Attacks against modellers undermine future pandemic response, say Sage scientists
4 months ago 10 min read
Repeated attacks against the government’s Covid modellers threatens to erode public trust and undermine future pandemic responses, senior scientific advisers have said.
Multiple members of the Scientific Pandemic Influenza Group on Modelling (SPI-M) – a sub-committee of Sage – told The Independent they were concerned by the “knock-on effect” of the criticism they have received in recent weeks for their modelling of the Omicron wave.
Fellow scientists and MPs have accused the advisers of bouncing the UK into repeated lockdowns and creating a “climate of manipulated fear”. SPI-M members fear such attacks will weaken trust in the modelling and hinder decision-making in the face of dangerous new Covid variants or future pandemics.
Professor John Edmunds, a SPI-M member, said there has been both “wilful misinterpretation” and a “genuine misunderstanding” of the group’s recent modelling, which did not predict what would happen over winter, but instead provided a variety of scenarios for ministers to review, ranging from the best to the worst.
This explains why one of the scenarios showed that 6,000 people could die a day, with tens of thousands of daily hospitalisations, the experts said. “The newspapers tend to emphasise the worst-case scenario, so that’s the stuff that gets reported,” said Prof Edmunds.
Others scenarios showed up to 400 deaths a day and just under 3,000 daily hospitalisations if restrictions weren’t imposed – a projection which has come close to materialising over winter.
In light of the modelling, and despite calls from Sage for the reintroduction of “more stringent measures” in mid-December, the government opted to stick with its Plan B restrictions – a decision that supporters feel has since been vindicated, prompting many to accuse the SPI-M experts of getting it wrong.
“The main misunderstanding is that the models are not predictions,” said Professor Graham, chair of SPI-M. “The models are scenarios to help the decision-makers understand the implication of different policy choices.
“The second major problem is that because the focus is on the worst case, it looks as though we only model that, which we don’t we. We are illustrating many possibilities for government.”
Prof Graham said he was concerned by the recent attacks, which could lead to an “erosion of trust” in the modelling. “You already have that in terms of vaccinations,” he added.
“I think it’s a severe problem,” said Prof Edmunds. “It’s the same with [modelling] climate change. Those guys face exactly the same issue. And you have the kind of bleating right-wing press trying to undermine it, for political reasons. It has a knock on effect. So yes, it’s a big worry.”
Earlier in the week, Tory MP Bob Seely called the reliance on the modelling a “national scandal” and said “that never before has so much harm been done to so many by so few based on so little, questionable, potentially flawed data”.
Steve Baker, the deputy chair of the right-wing Covid Recovery Group, said projections produced by Professor Neil Ferguson, another member of SPI-M, had “disgracefully” bounced the prime minister into a lockdown at the start of the pandemic.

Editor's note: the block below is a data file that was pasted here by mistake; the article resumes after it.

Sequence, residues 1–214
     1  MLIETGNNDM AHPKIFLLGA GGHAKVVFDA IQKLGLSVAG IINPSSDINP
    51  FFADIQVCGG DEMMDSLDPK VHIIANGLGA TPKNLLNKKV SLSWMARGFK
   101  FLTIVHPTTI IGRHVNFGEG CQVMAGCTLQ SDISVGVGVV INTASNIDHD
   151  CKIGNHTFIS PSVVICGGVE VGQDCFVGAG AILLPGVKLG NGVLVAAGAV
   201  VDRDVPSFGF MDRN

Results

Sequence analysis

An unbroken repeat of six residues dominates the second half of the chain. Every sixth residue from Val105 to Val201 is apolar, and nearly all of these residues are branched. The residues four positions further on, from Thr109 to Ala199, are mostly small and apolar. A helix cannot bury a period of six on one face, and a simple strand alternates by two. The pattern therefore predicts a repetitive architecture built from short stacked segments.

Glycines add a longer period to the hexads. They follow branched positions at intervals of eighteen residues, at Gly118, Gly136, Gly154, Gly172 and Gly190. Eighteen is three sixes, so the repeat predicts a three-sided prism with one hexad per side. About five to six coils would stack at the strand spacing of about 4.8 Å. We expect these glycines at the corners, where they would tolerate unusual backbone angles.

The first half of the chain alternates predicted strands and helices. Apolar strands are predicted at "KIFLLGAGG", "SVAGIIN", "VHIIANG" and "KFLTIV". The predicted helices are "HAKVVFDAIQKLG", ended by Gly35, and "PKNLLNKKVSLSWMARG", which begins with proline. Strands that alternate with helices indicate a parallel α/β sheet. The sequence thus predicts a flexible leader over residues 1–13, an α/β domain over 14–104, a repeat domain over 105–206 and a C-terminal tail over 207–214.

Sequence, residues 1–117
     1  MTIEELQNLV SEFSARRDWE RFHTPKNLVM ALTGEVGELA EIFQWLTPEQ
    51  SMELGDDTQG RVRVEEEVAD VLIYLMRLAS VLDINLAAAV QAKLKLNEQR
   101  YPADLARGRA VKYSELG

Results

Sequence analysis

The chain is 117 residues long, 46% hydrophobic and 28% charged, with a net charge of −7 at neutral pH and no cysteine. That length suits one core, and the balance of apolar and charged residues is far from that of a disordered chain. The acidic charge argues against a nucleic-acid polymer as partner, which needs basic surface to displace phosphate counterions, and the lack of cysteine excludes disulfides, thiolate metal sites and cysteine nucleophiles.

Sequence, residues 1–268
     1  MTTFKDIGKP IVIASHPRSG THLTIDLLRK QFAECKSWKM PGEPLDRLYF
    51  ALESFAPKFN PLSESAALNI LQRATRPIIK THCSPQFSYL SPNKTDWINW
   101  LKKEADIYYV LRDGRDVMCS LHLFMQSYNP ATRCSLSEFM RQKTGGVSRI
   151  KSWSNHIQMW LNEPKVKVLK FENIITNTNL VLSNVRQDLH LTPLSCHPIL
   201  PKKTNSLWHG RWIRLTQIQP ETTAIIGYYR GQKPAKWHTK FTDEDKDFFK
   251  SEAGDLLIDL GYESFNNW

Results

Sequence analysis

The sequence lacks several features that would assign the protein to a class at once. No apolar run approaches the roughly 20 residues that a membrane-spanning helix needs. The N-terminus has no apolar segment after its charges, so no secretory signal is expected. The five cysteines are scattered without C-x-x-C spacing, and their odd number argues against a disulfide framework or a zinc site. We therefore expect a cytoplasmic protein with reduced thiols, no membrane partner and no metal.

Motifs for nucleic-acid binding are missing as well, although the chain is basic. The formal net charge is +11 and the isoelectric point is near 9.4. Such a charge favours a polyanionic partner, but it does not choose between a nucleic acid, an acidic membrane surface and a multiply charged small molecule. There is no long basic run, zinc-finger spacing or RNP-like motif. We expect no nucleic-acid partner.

One SPI-M, who asked to remain anonymous out of fear, said critics expected the models to be “omniscient”.
“We are generally asked for modelling results at times of crisis, when things are going badly (e.g. cases rising rapidly) and there is great uncertainty (e.g. a new variant) – so it’s not surprising that our projections are imperfect,” they said.
“The analogy I’ve used before is that it’s like asking political commentators to predict the results of the next election based on current trends at a time of political crisis – we wouldn’t expect that to be accurate due to all the events that can happen in the future.”
The expert said they had been “hurt by some of the unwarranted comments about the modellers” and was reluctant to get publicly drawn into the discussion.
“Throughout this pandemic, I’ve managed to keep a relatively low profile and hence I haven’t suffered the mountains of abuse that others have received,” they added.
Others, like Prof Ferguson, haven’t been so fortunate, having been dubbed “Professor Lockdown” on account of his modelling.
At the start of the pandemic, his team from Imperial College London modelled a range of scenarios for the government of what could happen if restrictions weren’t imposed, including one that said up to 500,000 people could die from Covid-19.
“We didn’t see that because we locked down,” said Professor Mike Tildesley, a SPI-M member. “I think the media generally understands that, as do the public. It’s the people who don’t like controls or don’t like models that will sort of point this out to deliberately have a pop.”
These attacks nonetheless carry of a risk of polluting the public’s perception of the science and experts advising the government, he added.
All of those who spoke with The Independent also said that the wide range of uncertainty surrounding the modelled scenarios for Omicron had been impacted by a lack of data.
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The variant took hold in early December, at which point little was known about severity and its ability to evade the body’s immune response. It took weeks for this data to crystallise.
“When Omicron first arrived, we knew very little about it, so the range of scenarios was going to be very wide,” said Prof Edmunds. “One of the important things we didn’t know was the severity. It was only shortly before Christmas that we had decent data that Omicron was actually less severe.
“The scientific process seeks works one step at a day, getting things wrong, learning and adapting and changing, and so on. It’s quite frankly ludicrous to assume that we knew everything about Omicron at the beginning. Our early scenarios reflected all of that.”